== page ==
POLS 431/3.0 European Politics
Multi‐level politics in Europe: the European Union and its member states. Development of the EU, institutions and policy processes at the EU level, how the domestic politics of European states affects the EU and vice‐versa. Economic union, supranationalism, political impulsion for economic integration, accession of new member states.
This course provides an introduction to the fundamental concepts, institutions and debates concerning the European Union. It aims at introducing the students to the creation, development and evolution of the European Union with a specific focus on its historical, theoretical, institutional and policy-making frameworks. The course will examine the origins of the European Union, the course of its evolution up to the present, and it will consider the main debates about the role and functions of the main institutions. It will also consider the future challenges in the context of the EU economic and political crisis, the recent enlargement developments, further enlargement possibilities as well as the position of the EU in International Politics.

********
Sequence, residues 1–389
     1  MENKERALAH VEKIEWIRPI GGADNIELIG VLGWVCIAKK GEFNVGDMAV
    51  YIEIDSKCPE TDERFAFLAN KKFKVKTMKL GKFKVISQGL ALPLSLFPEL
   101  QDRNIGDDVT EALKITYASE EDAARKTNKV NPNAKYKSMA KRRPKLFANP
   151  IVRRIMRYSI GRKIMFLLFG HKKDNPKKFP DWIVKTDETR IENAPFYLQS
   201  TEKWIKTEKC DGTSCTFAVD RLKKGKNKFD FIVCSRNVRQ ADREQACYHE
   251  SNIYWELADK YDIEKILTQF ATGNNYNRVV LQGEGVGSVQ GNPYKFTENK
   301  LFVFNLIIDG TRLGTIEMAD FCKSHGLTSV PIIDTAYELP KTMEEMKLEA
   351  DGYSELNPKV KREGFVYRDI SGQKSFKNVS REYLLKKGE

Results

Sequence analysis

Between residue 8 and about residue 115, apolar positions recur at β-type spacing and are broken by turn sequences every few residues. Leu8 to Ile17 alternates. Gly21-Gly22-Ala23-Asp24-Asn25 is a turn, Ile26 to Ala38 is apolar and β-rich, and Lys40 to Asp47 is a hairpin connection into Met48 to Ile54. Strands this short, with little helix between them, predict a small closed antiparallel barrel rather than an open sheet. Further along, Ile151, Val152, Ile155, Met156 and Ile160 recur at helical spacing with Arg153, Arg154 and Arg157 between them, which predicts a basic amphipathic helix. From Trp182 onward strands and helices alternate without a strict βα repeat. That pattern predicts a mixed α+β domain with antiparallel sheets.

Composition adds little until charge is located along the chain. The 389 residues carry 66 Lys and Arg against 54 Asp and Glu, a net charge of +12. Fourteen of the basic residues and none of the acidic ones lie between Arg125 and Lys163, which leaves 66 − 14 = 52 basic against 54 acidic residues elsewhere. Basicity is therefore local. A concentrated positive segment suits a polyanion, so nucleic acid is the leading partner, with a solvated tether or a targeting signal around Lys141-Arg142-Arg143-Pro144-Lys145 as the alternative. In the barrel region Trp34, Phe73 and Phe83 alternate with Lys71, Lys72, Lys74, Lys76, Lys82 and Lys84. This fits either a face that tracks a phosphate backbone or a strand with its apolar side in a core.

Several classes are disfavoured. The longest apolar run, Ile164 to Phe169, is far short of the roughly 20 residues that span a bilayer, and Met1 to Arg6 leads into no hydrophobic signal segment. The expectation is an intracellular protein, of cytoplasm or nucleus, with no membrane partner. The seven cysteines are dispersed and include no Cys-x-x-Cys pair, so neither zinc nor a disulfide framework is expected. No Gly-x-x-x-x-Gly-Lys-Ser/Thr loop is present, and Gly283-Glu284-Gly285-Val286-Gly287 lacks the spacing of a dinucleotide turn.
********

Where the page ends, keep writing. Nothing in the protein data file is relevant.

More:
By the end of the course the students are expected to:
- Have acquired knowledge of what ‘European Politics’ means and how it has been conceptualized.
- Have gained an understanding of the driving forces behind political movements in Europe since the end of WW2.
- Be able to interpret and critically evaluate the main issues, problems and challenges in the contemporary political debate in the EU.
- Understand the main differences and similarities among the EU member states and assess their efforts to be integrated.
Experiential Learning Opportunities
Potential VELOs for this course include special guest speakers who will share their research and offer insight into topics including: the Geopolitical Security concerns and issues for Britain after Brexit, and Business issues in the City of London. Opportunities for students to engage in lively Q&A sessions are likely to be a feature of all such presentations. Examples of previous ELOs or this course include: A visit to the Office of the EU Parliament in London to give students the opportunity to address questions to the representatives of the EU Commission in London and discuss how the European profile is built and sustained by the representative offices in the member states. And a lecture on European Elections at the London School of Economics, bringing the students closer to the anti-European voices in the European Parliament.